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From: TSS ()
Subject: Coexistence of multiple PrPSc types in individuals with Creutzfeldt-Jakob disease
Date: November 18, 2005 at 7:56 am PST

TSS
Coexistence of multiple PrPSc types in individuals with CJD
Fri Nov 18, 2005 10:05
70.110.89.13

Lancet Neurology 2005; 4:805-814

DOI:10.1016/S1474-4422(05)70225-8

Coexistence of multiple PrPSc types in individuals with Creutzfeldt-Jakob disease

Magdalini Polymenidou a, Katharina Stoeck a, Markus Glatzel a b, Martin Vey c, Anne Bellon c and Adriano Aguzzi a

Summary
Background
The molecular typing of sporadic Creutzfeldt-Jakob disease (CJD) is based on the size and glycoform ratio of protease-resistant prion protein (PrPSc), and on PRNP haplotype. On digestion with proteinase K, type 1 and type 2 PrPSc display unglycosylated core fragments of 21 kDa and 19 kDa, resulting from cleavage around amino acids 82 and 97, respectively.

Methods
We generated anti-PrP monoclonal antibodies to epitopes immediately preceding the differential proteinase K cleavage sites. These antibodies, which were designated POM2 and POM12, recognise type 1, but not type 2, PrPSc.

Findings
We studied 114 brain samples from 70 patients with sporadic CJD and three patients with variant CJD. Every patient classified as CJD type 2, and all variant CJD patients, showed POM2/POM12 reactivity in the cerebellum and other PrPSc-rich brain areas, with a typical PrPSc type 1 migration pattern.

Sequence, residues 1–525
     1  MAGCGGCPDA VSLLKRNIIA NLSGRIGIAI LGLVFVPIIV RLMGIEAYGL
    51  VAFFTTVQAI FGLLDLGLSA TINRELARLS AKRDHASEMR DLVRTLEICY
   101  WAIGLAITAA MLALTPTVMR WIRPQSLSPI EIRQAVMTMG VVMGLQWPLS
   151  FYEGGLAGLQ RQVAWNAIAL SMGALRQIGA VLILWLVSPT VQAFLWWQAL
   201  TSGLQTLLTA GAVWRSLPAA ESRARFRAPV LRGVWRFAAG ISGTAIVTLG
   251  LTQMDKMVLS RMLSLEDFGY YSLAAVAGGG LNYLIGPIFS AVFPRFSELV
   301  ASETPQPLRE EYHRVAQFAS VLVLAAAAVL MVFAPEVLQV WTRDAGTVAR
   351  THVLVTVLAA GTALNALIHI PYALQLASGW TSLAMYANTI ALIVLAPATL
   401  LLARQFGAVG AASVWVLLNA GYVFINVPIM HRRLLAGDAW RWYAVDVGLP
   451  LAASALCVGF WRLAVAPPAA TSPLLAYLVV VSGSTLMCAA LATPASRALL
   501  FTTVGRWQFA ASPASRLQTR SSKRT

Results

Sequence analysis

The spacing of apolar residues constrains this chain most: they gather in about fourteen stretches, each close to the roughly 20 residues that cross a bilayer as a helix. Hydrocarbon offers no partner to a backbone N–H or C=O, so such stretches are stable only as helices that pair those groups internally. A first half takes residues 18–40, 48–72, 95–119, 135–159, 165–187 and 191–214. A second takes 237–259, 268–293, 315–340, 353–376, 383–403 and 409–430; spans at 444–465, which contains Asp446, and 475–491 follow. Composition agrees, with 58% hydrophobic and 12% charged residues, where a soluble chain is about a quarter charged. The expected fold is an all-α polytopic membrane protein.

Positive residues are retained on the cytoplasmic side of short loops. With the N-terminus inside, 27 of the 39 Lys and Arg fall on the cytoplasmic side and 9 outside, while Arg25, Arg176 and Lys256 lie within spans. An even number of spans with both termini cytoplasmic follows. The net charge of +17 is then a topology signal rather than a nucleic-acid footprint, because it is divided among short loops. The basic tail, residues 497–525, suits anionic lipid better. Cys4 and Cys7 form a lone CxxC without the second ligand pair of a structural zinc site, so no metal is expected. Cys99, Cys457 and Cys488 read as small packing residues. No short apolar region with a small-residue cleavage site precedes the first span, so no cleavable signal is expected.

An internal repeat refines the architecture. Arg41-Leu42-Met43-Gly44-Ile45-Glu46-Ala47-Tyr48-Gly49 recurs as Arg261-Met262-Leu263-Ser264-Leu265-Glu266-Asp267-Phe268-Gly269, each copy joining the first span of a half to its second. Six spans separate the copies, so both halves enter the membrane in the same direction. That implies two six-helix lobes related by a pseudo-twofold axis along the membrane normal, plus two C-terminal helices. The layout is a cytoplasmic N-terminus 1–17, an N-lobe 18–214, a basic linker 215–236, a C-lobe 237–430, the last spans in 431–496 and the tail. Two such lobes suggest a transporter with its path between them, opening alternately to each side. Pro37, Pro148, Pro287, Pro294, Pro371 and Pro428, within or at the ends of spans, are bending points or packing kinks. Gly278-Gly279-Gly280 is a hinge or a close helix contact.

Interpretation
The regular coexistence of multiple PrPSc types in patients with CJD casts doubts on the validity of electrophoretic PrPSc mobilities as surrogates for prion strains, and questions the rational basis of current CJD classifications.

Affiliations

a Institute of Neuropathology, University Hospital Zurich, Switzerland
b Present address: Institute of Neuropathology, University Medical Center Hamburg-Eppendorf, Hamburg, Germany
c ZLB Behring, Marburg, Germany

Correspondence to: Dr Adriano Aguzzi, Institute of Neuropathology, University Hospital of Zürich, Schmelzbergstrasse 12, CH-8091 Zürich, Switzerland

http://www.thelancet.com/journals/laneur/article/PIIS1474442205702258/abstract

what i been saying for years, that the diagnostic criteria differentiating between the nvCJD (i.e. 'the chosen ones') and the sCJD (i.e. 'the forgotten ones') has been terribly flawed from the beginning. ....

TSS



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